That is really true. Took a minute but I got a lot out of “figuring out” what happened and I’ll be prepared next time!
    Thanks for reading, Doree!

  • October 7, 2014 at 1:49 pm

    Thank you so much, Doug! What a compliment!
    And what an encouragement that you are reading some of my posts!
    Come back for more stories!

  • October 7, 2014 at 1:53 pm

    Hi Janelle,
    You’re welcome!
    I saw that video clip! I agree that it was sad to see so many people not stop the behavior. Didn’t one person say it wasn’t her business to correct an adult? But probably some of the others were too shell-shocked to know what to do. Like you, I lauded those people who gave him hugs and stood up for him!
    Amy xx

  • October 7, 2014 at 2:28 pm

    Thanks so much, Quincy! I’m so glad you can relate!
    I love it that you come back to read my stories!
    Great name by the way, Magoo! That’s how I feel! =)

  • October 7, 2014 at 5:36 pm

    Thank you so much, Patricia!
    I have quite a ways to go but my being able to look at situations with humor gives me a boost in that direction!

  • October 7, 2014 at 5:39 pm

    Hi Vidya,|
    I’m so glad you were laughing!
    (Sorry about the tearful parts)

  • October 7, 2014 at 5:54 pm

    Twila! Thank you so much for your kind words. =)
    Yes, it’s necessary to learn how to use a cane. The better you learn how to do it, the more sensitive you become to the obstacles around you and the more adept you are at maneuvering! And also, did you know that you will not be accepted into guide dog training without good cane skills?
    Thanks for reading!

  • October 9, 2014 at 5:57 am

    Amy, I’m glad you were able to see the humour and laugh at the situation. It makes me think how even today my signature sometimes looks more like a scribble or squiggle and I have sight in both my eyes! 😉 So worry not my dear. No need to fret! <3

  • October 10, 2014 at 11:21 pm

    Hi Amy,

    Having processed checks for many years at our business, it was amazing how many sighted peoples’ signatures on checks were “squiggle lines.” Yet the bank never returned any checks for “squiggle lines.” It makes me wonder, then, just how important is our signature in these transaction. But for me, credit card transactions are becoming as annoying as those dreaded “Wet Floor” signs.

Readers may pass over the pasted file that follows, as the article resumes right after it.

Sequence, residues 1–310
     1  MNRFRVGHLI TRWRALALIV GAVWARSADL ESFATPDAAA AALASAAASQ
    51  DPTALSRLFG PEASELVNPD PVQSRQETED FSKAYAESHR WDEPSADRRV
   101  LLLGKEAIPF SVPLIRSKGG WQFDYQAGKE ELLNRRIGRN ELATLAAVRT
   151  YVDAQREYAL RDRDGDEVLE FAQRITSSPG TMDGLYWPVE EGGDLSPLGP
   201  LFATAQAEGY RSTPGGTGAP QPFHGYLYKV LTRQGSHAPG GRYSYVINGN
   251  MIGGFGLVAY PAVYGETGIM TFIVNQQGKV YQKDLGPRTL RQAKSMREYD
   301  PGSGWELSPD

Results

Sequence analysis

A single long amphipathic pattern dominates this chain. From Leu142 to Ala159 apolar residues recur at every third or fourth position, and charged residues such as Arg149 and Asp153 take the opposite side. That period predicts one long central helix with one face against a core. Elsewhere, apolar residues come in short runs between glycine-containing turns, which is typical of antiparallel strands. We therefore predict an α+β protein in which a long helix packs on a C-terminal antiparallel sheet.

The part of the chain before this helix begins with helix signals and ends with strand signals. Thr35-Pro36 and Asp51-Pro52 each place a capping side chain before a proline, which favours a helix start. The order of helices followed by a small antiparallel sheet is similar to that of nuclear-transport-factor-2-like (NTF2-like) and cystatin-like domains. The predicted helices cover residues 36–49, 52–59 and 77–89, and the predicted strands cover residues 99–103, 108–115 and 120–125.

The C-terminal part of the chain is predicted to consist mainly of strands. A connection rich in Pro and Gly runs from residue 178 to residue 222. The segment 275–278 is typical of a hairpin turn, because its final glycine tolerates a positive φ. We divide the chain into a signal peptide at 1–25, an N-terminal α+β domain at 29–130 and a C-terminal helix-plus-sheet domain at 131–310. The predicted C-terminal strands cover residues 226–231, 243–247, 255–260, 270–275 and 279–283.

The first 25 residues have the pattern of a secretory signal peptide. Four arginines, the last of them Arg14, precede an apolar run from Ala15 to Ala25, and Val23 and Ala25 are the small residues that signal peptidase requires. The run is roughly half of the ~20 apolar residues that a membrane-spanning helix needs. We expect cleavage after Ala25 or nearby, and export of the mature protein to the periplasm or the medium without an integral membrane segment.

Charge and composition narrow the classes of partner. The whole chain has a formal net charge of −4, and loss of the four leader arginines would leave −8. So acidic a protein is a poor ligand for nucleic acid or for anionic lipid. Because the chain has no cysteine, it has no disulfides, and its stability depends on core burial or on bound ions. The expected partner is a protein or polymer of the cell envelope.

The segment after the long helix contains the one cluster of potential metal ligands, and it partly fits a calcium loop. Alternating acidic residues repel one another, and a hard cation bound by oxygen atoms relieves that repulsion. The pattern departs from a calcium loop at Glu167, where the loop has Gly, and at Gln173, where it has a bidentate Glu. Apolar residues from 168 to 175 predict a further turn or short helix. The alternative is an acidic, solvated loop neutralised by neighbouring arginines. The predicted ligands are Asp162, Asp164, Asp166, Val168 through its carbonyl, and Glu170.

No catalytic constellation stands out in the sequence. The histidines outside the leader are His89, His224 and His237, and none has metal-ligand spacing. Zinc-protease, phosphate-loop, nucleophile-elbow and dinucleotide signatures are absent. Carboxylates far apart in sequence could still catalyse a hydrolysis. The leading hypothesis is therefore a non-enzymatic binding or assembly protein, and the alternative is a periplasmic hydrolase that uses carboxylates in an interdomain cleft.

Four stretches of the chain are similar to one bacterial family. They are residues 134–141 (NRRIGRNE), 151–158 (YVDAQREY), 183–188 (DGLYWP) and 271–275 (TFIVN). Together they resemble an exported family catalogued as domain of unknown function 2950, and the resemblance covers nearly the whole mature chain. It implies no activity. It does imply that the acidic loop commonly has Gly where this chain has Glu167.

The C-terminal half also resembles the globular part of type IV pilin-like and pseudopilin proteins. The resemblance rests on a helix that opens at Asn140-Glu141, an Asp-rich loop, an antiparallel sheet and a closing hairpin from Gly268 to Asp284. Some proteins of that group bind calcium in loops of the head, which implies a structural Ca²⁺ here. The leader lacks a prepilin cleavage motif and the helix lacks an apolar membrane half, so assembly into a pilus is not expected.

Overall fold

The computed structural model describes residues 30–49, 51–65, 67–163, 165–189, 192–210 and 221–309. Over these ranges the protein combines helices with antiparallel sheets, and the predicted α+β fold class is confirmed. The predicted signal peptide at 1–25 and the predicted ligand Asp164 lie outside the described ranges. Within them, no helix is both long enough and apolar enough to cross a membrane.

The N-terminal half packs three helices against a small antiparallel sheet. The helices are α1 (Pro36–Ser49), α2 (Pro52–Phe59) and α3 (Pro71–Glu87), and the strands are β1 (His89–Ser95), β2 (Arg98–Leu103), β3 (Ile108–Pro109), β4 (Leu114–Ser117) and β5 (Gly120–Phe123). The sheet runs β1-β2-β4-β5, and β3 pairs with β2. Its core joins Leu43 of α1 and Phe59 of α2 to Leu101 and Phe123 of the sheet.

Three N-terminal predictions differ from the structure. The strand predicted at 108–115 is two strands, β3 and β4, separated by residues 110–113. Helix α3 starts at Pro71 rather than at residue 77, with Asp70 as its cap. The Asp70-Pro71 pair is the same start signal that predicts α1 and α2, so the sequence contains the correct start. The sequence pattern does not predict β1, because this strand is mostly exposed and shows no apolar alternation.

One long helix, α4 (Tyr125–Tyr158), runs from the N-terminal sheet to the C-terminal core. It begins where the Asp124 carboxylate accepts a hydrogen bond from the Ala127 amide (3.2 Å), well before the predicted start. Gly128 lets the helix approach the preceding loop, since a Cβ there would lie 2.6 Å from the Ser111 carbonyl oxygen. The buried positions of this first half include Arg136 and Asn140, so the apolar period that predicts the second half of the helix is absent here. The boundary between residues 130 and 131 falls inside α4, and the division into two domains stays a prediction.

• October 11, 2014 at 8:38 am

    Things do happen for a reason, dear Amy! I love your posts, how in your gentle way you create awareness and remind us of our foibles and we are not the center of the Universe. Your story reminded me of 1) Patricia’s posts about Celine and how people are not always sure how to react to her crutches (and here she is, in the comment right above me!) (http://www.amummyslifenz.com/) and 2) my own post today (Don’t take it away from me). Similarly, by trying to help my Mom and be generous, I was actually depriving her of her dignity generating feelings of inadequacy.
    Big squiggly HUGS <3

  • October 14, 2014 at 3:32 am

    Hi Judy,
    You make me smile! I tried to seek out Patricia’s post about Celine and her crutches but I couldn’t find it. I apologize for taking so long to get back to you. I also want to read your post about your mother. Can you send me a link?
    Thank you so much!

  • October 30, 2014 at 8:29 pm

    My writing on those darn machines is a squiggle, and I have reasonably good eye sight with glasses. Your stories bring your humanity and humor to each situation. I like your leaving the e out of cane – I can.

    Moreover, you have a way of touching the hearts and souls of people you interact with; regardless, if it an embarrassing, awkward, or just an ordinary situation. Keep on – keeping on.

    Be you,


  • October 31, 2014 at 12:52 am

    I am so glad you liked that piece, Dave!